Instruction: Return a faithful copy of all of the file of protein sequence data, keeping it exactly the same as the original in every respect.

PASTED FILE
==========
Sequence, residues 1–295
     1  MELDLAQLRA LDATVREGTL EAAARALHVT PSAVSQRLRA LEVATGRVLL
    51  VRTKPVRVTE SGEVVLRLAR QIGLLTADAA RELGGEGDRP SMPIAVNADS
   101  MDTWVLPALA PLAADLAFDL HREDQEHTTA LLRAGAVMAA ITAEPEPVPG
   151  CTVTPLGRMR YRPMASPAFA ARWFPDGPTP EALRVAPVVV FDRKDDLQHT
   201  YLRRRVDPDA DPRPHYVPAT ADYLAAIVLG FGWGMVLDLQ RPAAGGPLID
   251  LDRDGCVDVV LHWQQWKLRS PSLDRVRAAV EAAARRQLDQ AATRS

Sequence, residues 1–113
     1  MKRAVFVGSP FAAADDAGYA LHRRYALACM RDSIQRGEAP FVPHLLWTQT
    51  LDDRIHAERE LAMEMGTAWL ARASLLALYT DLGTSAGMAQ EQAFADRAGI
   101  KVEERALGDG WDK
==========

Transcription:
Sequence, residues 1–295
     1  MELDLAQLRA LDATVREGTL EAAARALHVT PSAVSQRLRA LEVATGRVLL
    51  VRTKPVRVTE SGEVVLRLAR QIGLLTADAA RELGGEGDRP SMPIAVNADS
   101  MDTWVLPALA PLAADLAFDL HREDQEHTTA LLRAGAVMAA ITAEPEPVPG
   151  CTVTPLGRMR YRPMASPAFA ARWFPDGPTP EALRVAPVVV FDRKDDLQHT
   201  YLRRRVDPDA DPRPHYVPAT ADYLAAIVLG FGWGMVLDLQ RPAAGGPLID
   251  LDRDGCVDVV LHWQQWKLRS PSLDRVRAAV EAAARRQLDQ AATRS

Sequence, residues 1–113
     1  MKRAVFVGSP FAAADDAGYA LHRRYALACM RDSIQRGEAP FVPHLLWTQT
    51  LDDRIHAERE LAMEMGTAWL ARASLLALYT DLGTSAGMAQ EQAFADRAGI
   101  KVEERALGDG WDK